Police officer previously linked to Stephen Lawrence spying controversy accuses non-violent environmental group of wanting to “break up democracy”.
A right wing think tank that commissioned a report labelling environmental activists as “extremists” who want to “break up democracy” has failed to reveal who funded the research.
The think tank Policy Exchange, which has long refused to reveal its financial backers, commissioned retired terrorism police officer Richard Walton to write the headline-grabbing report. Walton was previously best known for his controversial role in police spying on the family of murdered schoolboy Stephen Lawrence. Speaking about the report on the ‘Today’ programme yesterday morning, Walton described Extinction Rebellion as a “hardcore anarchist group which want to break up our democracy”.
The report also speculated about the environmental group using violent tactics to further their aims in the future. Extinction Rebellion has used entirely non-violent protests to shut down city centres to draw attention to climate change and species loss.
When openDemocracy asked Policy Exchange how the report was funded, it didn’t respond to our questions. openDemocracy has also asked Shell, BP and ExxonMobile if they fund Policy Exchange. None have yet commented.
The report is co-authored by Walton and Tom Wilson, who works in the Security and Extremism Unit at Policy Exchange. In it, they argue that, had Extinction Rebellion flown drones over Heathrow – something the group chose not to do – it “may have crossed the threshold into a terrorism offence,” and add that: “Given the extreme objectives of Extinction Rebellion, therefore, it is not inconceivable that some on the fringes of the movement might at some point break with organisational discipline and engage in violence.”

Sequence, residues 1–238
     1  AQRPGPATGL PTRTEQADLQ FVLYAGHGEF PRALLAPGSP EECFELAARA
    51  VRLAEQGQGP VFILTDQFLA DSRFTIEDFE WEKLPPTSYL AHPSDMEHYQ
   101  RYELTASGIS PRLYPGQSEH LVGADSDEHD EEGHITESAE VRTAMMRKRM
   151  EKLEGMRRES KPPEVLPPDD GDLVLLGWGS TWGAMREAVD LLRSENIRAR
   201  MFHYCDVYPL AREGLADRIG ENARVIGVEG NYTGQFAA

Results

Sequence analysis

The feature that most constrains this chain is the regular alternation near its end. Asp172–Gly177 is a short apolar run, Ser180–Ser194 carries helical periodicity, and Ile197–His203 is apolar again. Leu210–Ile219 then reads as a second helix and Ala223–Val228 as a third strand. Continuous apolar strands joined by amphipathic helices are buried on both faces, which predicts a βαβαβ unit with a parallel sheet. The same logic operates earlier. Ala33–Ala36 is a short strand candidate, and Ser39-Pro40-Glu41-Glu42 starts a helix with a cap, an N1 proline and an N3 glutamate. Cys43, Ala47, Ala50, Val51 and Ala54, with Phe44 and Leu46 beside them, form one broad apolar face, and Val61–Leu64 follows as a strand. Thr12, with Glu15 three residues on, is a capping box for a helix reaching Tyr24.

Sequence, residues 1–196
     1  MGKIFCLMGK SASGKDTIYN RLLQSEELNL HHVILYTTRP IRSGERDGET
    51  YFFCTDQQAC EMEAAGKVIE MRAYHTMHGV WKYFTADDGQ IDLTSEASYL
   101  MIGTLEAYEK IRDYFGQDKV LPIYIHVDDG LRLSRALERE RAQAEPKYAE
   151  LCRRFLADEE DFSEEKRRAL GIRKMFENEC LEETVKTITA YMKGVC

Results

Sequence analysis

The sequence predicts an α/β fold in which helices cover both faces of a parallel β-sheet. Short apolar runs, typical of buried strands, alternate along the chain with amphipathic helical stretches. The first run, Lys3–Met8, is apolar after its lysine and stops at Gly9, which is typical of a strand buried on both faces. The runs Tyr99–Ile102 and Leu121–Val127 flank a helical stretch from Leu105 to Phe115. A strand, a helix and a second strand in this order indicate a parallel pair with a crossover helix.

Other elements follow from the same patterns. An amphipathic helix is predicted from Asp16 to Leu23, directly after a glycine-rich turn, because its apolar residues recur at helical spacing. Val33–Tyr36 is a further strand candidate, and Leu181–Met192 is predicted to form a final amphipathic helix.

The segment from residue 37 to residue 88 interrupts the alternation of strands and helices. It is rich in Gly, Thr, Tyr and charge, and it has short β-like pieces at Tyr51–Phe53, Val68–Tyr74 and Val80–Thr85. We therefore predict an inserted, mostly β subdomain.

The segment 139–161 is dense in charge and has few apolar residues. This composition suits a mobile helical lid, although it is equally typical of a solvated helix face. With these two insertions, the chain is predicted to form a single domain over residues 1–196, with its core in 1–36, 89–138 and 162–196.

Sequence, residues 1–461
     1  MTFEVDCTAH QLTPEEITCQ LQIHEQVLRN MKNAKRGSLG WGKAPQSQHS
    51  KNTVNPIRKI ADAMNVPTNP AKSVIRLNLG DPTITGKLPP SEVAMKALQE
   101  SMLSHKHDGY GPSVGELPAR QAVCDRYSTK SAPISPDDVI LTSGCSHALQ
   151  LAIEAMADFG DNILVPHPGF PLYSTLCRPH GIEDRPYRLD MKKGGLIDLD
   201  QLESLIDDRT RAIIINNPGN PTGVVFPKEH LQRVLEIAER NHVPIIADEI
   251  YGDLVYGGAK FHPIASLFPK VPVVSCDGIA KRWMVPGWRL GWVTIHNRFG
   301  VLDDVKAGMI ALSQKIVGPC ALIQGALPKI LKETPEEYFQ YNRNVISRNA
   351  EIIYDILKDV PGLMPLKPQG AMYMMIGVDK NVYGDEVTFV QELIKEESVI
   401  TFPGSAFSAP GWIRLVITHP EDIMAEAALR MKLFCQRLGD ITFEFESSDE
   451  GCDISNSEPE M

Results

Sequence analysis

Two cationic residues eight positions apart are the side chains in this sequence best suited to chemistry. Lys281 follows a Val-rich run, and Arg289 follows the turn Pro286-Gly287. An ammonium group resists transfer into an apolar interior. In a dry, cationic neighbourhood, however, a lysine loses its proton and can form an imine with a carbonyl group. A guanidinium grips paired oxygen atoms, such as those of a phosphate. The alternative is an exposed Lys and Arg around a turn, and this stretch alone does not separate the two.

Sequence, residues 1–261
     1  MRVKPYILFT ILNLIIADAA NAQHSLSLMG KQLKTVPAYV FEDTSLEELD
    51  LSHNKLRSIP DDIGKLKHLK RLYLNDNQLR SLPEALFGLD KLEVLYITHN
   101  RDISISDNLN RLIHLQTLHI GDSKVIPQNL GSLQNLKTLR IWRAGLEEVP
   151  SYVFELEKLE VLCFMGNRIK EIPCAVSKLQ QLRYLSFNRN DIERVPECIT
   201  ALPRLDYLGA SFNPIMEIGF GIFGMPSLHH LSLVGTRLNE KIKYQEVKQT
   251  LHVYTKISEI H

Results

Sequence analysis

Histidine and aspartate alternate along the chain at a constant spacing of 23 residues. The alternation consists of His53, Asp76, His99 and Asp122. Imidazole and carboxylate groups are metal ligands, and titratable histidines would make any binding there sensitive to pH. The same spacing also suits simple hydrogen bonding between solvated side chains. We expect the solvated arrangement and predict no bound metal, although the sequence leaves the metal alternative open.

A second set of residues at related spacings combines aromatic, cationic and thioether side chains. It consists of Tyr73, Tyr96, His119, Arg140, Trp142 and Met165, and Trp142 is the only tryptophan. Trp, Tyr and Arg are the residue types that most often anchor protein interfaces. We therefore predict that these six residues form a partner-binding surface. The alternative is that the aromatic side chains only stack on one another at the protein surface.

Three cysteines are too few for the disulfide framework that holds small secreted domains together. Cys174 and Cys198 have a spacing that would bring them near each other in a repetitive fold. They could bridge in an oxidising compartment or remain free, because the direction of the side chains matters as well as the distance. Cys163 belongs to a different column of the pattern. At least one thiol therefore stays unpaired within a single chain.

Extinction Rebellion’s three demands are “Tell the truth” about the scale of the environmental crisis, “Act Now” to avert it and move “beyond politics” by founding a citizens’ assembly on climate and ecological justice.
openDemocracy also asked Richard Walton if he can comment on who paid for his report. He is yet to respond.
Walton, the report’s author, has previously come under scrutiny for his controversial role in police spying on the family of murdered schoolboy Stephen Lawrence. Speaking to openDemocracy about the case in 2017, Walton emphasised that: “I have quite simply done nothing wrong, either in 1998 or recently.” While the Independent Police Complaints Commission found that Walton had a case to answer, the Metropolitan Police Professional Standards Unit and then Commissioner rejected the conclusion that there was a case to answer prior to his retirement – leaving Stephen Lawrence’s father “heartbroken”.
Walton also played a minor role in the Leveson inquiry into phone hacking. In 2009, he was staff officer to the then Metropolitan Police Commissioner Paul Stephenson – a role reported at the time as being his right-hand man. Stephenson was forced to resign as a result of the phone hacking scandal. Walton attended the meeting at which the Met decided not to investigate the Guardian’s initial phone hacking allegations, though he says he did not contribute to the meet. His name appears twice in the official documents released by the Leveson Inquiry. There is no suggestion that Walton himself did anything wrong.
Walton also made headlines in 2017 when he wrote a report for the pro-Brexit group Veterans for Britain, which Walton told us he wasn’t paid for